Why didn't I think of that? 8 Austin startups turning simple ideas into big business

February 17, 2017

Austin startups have produced some incredible ventures, with ideas that beg the question: "How on earth did you even come up with that?" On the other hand, there are plenty of local startups that have capitalized on basic ideas that seem so obvious we're left wondering why we didn't start that business first.

Here's a look at eight Austin tech companies we're hitting ourselves over the head for not thinking of. 

 

In 2014, Dropoff launched to modernize the old industry of courier services through a same-day delivery tech platform. The idea came to life after the founder had a lackluster experience with a local courier service and found out only a few providers offered delivery confirmation — and none provided real-time updates. Just last month, they rolled out an app so users can schedule and track deliveries from their mobiles.

 

Shockingly, not everyone owns a truck in Texas. And thanks to the 2014 startup Burro, you don't need one. Dubbed "your personal pack mule" the service offers on-demand, same-day delivery for larger items. Users submit where items need to be picked up and delivered and receive an instant quote — making Ikea trips so much easier.

 

Taking Yelp to the next level, Localeur created an app for real locals to leave recommendations of restaurants, bars, entertainment and more for travelers to #ExperienceLocal. Since its launch in 2013, the startup has expanded to 40 U.S. cities, with a catalog of more than 10,000 local, authenticated recommendations. 

 

A handwritten note still goes a long way. That being said, they can be incredibly time consuming when done in bulk. In 2013, a SaaS company launched in Austin to automate handwritten letters. MailLift provides sales teams and marketers with letters that are originally hand written before turning toward a template to help automate the process. 

 

By linking your service providers, Billsley works behind the scenes to analyze your monthly bills and determine where you can save money. When a savings opportunity is identified by "Billsley," he'll send you an alert and walk you through how to make the change to save you up to $500 a year. The startup originally launched two years ago as OnePay, a bill consolidation tool that also discovered savings, and has since pivoted to focus entirely on an automated savings platform.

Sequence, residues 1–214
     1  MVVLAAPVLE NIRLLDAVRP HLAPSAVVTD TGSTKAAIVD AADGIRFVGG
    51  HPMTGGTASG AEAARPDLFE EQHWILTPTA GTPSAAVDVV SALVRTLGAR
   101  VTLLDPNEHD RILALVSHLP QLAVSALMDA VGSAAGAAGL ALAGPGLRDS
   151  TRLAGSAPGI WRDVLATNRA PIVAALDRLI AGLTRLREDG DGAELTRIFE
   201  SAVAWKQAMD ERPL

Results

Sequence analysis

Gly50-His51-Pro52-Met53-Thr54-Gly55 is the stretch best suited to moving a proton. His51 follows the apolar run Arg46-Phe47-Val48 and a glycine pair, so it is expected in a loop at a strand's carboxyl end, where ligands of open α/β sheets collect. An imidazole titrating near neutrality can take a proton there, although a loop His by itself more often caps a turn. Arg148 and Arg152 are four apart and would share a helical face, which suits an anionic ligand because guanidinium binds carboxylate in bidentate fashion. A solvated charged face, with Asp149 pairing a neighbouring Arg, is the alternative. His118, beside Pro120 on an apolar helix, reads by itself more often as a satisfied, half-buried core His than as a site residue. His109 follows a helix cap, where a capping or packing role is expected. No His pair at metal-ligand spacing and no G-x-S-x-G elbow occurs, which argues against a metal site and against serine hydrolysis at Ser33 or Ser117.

Piq Chocolates merged our favorite sweet with technology by creating a website that allows consumers to design their own chocolate treats. Be it personal or professional, the startup sources their chocolates from France and assures door side delivery within three to 10 days of order. 

 

Gone are the days of looking for a roommate on Craigslist. LeaseBuddies created a matching system for folks looking for someone to share their lease with. Similar to how dating apps match potential candidates, LeaseBuddies makes recommendations based on social interests, personality and more. 

 

Last year, WholeSplit went live to help consumers take advantage of the lower cost of ordering products in bulk by setting up group buying between strangers. By working directly with Chinese manufacturers who make things like TVs, the WholeSplit platform allows people to sign up for a waiting list until a minimum required bulk order is reached. Then, the order is placed and consumers save on the difference between retail cost and manufacturer pricing. 

 

Images provided by social media, companies and Shutterstock.

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